Obama didn't change his position that marijuana should not be legalized, despite saying in a weekend article in the New Yorker magazine that decriminalization of marijuana in Washington and Colorado should "go forward," White House spokesman Jay Carney said Wednesday.
"I think he was making a couple of points; one, that we ought to use discretion appropriately in our prosecution of priorities -- prioritization," Carney said, "[Two], when it comes to marijuana use, he made clear that he sees it as a bad habit and a vice and not something that he would encourage. And this is a quote. 'It's not something I encourage, and I've told my daughters I think it's a bad idea, a waste of time, not very healthy.'"
Obama believes decriminalization in Washington and Colorado must move forward because "it's important for society not to have a situation in which a large portion of people have at one time or another broken the law and only a select few get punished," the press secretary said.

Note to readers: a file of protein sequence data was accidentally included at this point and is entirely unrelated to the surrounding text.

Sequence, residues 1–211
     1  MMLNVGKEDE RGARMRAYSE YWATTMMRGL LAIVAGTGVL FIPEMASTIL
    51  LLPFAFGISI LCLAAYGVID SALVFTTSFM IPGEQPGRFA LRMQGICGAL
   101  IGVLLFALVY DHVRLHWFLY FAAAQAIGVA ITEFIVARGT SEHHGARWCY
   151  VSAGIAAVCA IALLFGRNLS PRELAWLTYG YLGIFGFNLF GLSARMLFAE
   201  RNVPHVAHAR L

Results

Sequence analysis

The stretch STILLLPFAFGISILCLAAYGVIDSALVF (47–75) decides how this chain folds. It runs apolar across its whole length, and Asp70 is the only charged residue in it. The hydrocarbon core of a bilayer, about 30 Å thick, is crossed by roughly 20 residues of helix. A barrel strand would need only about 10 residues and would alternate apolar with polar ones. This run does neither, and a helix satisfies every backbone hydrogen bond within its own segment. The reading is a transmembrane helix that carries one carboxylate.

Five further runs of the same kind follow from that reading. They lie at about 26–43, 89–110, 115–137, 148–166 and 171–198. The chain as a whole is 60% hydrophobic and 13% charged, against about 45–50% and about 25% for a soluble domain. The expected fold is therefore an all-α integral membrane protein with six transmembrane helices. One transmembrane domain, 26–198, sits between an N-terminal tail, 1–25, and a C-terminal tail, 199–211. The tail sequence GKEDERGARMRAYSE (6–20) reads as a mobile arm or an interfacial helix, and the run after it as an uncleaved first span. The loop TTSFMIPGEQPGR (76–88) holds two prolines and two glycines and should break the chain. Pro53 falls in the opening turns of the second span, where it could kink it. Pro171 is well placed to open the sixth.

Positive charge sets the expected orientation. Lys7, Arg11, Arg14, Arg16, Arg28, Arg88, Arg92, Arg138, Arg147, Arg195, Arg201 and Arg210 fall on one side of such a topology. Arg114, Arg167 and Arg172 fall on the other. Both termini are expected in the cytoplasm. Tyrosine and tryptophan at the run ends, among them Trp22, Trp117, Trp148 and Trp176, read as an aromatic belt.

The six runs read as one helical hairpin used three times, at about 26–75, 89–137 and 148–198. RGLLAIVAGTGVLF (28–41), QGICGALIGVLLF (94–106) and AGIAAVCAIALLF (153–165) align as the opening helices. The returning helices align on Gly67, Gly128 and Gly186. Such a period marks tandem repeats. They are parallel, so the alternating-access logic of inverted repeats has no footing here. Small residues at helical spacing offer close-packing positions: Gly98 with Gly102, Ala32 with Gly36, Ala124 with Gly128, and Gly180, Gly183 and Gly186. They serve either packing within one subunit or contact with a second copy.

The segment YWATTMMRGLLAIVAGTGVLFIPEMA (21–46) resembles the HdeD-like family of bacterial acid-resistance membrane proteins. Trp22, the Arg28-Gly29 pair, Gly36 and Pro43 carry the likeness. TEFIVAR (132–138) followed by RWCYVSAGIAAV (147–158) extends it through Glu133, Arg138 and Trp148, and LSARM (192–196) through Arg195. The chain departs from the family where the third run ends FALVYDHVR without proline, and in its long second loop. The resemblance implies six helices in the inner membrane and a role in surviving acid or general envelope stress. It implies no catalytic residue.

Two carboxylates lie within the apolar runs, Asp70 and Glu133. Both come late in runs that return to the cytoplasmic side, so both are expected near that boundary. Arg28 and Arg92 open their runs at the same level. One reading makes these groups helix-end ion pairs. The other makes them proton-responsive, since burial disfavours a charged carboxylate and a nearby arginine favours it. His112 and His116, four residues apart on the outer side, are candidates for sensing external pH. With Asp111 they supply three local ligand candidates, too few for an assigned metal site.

"In other words, he's talking about the issue of the disparities in our prosecution of our drug laws, that, you know, an experiment like this may be addressing," Carney said. "He's not endorsing any specific move by a state. He's simply making an observation, his position of these matters has not changed."
Obama told The New Yorker he did not consider the developments in the two states to be a "panacea," but an important step in rectifying the current situation in the United States in which poor people are often arrested on marijuana charges but middle-class and the wealthy are not.
Obama said he was concerned that legalizing marijuana nationwide would open the door to the idea that more potent drugs such as cocaine could also be legalized.
"When it comes to harder drugs, the harm done to the user is profound and the social costs are profound, and you do start getting into some difficult line-drawing issues," he said.